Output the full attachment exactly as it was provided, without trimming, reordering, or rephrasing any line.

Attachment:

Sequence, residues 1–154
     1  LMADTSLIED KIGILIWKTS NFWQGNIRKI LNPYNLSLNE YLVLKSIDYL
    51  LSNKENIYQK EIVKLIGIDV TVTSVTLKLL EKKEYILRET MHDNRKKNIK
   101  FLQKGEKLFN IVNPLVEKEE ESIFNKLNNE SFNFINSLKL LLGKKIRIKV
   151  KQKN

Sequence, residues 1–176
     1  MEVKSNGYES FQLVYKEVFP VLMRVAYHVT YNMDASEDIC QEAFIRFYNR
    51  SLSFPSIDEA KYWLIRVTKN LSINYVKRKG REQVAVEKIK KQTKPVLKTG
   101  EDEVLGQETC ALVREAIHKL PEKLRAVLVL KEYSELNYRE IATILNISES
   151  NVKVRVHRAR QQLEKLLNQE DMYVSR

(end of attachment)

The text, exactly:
Sequence, residues 1–154
     1  LMADTSLIED KIGILIWKTS NFWQGNIRKI LNPYNLSLNE YLVLKSIDYL
    51  LSNKENIYQK EIVKLIGIDV TVTSVTLKLL EKKEYILRET MHDNRKKNIK
   101  FLQKGEKLFN IVNPLVEKEE ESIFNKLNNE SFNFINSLKL LLGKKIRIKV
   151  KQKN

Sequence, residues 1–176
     1  MEVKSNGYES FQLVYKEVFP VLMRVAYHVT YNMDASEDIC QEAFIRFYNR
    51  SLSFPSIDEA KYWLIRVTKN LSINYVKRKG REQVAVEKIK KQTKPVLKTG
   101  EDEVLGQETC ALVREAIHKL PEKLRAVLVL KEYSELNYRE IATILNISES
   151  NVKVRVHRAR QQLEKLLNQE DMYVSR